Huey “Piano” Smith & the Clowns

‘Twas the Night Before Christmas



Christmas With Babyface


By Pat Daly

A widespread misconception about Christmas Eve is that people (not to mention mice) aren’t stirring. In fact, Christmas Eve is the night when a significant segment of the population gets a few final spins out of its holiday CDs and maybe even engages in a little blasphemous hip shaking or slow dancing under the mistletoe. Between the angels we have heard on high and the little drummer boy dropping beats down at the manger, music and Christmas go together like frankincense and myrrh. The tradition of Christmas music as a pop commodity, however, can be traced back to 1935, when Bing Crosby, aka der Bingle, gave us his fanciful take on the German chestnut “Stille Nacht, heilige Nacht,” and a raft of future original standards floated down in its wake, including Sammy Cahn and Jule Styne’s “Let It Snow, Let It Snow, Let It Snow” as sung by Vaughn Monroe, Johnny Marks’s “Rudolph the Red-Nosed Reindeer” as sung by Gene Autry, and Irving Berlin’s “White Christmas” as sung by Crosby himself.

With the arrival of doo-wop and rock ‘n’ roll, a new generation of variously talented–and not necessarily reverent or even sane–performers put its mark on the classics (the Drifters’ nutty “White Christmas” may be driving one last poor Pottery Barn shopper over the edge even as you read this) and baked up an impressive batch of its own sweet potatoes, including the Penguins’ “Jingle Jangle,” Chuck Berry’s “Run Rudolph Run,” and the Youngsters’ “Christmas in Jail.” In the mid-60s, soul greats like James Brown, Marvin Gaye, and Booker T. & the MG’s added their own chestnut-rattling carols to the canon. The late 60s, however, put a kink in the yuletide pop trend: a rise in self-deification rendered Mary’s boy child unnecessary. Hendrix’s benediction at Monterey Pop might as well have been, “You’ll never hear Christmas music again.”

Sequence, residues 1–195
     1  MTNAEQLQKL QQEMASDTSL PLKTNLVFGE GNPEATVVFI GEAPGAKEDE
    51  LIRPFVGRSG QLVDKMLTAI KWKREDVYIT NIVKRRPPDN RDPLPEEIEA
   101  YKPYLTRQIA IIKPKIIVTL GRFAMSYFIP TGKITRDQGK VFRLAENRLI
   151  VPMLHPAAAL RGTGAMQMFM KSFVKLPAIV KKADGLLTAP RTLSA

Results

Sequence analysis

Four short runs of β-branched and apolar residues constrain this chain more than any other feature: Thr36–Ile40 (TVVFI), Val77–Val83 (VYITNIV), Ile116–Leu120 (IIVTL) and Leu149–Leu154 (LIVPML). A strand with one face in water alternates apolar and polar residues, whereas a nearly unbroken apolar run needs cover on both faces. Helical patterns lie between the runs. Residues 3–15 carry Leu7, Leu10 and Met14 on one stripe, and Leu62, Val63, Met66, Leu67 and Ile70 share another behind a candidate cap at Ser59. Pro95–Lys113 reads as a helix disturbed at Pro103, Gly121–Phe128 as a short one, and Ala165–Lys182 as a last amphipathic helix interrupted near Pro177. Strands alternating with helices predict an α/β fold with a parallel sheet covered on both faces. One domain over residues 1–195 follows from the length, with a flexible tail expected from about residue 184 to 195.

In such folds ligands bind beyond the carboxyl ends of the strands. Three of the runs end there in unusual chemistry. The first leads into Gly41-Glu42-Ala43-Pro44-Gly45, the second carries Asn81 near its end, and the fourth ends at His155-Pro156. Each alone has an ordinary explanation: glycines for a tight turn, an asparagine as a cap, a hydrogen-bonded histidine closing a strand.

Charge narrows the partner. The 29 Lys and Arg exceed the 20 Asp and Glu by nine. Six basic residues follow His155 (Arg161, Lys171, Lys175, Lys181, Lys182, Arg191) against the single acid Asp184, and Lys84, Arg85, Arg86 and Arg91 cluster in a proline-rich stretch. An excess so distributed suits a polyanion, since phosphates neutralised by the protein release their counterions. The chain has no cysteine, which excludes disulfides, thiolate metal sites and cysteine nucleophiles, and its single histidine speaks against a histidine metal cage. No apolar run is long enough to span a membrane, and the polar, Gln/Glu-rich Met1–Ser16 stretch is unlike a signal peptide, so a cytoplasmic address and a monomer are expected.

We would, of course. When the Ramones and their ilk made the world safe for girl groups again, Christmas music came along for the ride. The Damned, the Dickies, and the Pretenders participated admirably in the resurrection, which has continued unabated since. Nowadays the average music megastore’s shelves groan under the weight of an annual avalanche of Christmas CDs. The classics are back in print, and the superstars–some Christian, some not–weigh in on a rotating basis. Acts major and marginal from all radio formats are represented, cottage industries have emerged–Mannheim Steamroller, anyone?–and waning fads like Windham Hill and cocktail culture hang on for dear life. And–hold on to your elf hat–shockingly, many of these artists are more interested in filling a five-pound box of money than in bearing tidings of joy. What makes this weird segment of the music machine bearable and even fascinating is that it’s almost totally unpredictable. Great artists are fully capable of making abysmal holiday records, and irritating swill merchants occasionally morph into stars of wonder. Whole genres can flip-flop in one’s estimation based on their adaptability to holiday music.

There are a few tricks that span all musical boundaries. Jingle bells, for instance. If the barely more-than-one-note melody of the tune by that name annoys you at all, I’d advise you to avoid Christmas pop completely. Well-placed musical and lyrical references to “Jingle Bells” regularly elevate excellent Christmas rock ‘n’ roll into the stratosphere. Ike and Tina Turner’s arrangement of “Merry Christmas Baby,” later lifted by Bruce Springsteen, provides a particularly compelling illustration. But just the sound of jingle bells can imbue both gems like Sugar Chile Robinson’s “Christmas Boogie” and Stevie Wonder’s “What Christmas Means to Me” and nonseasonal songs like the Stooges’ “I Wanna Be Your Dog” and Liz Phair’s “Fuck and Run” with a certain holiday coziness. Well, for me, anyway.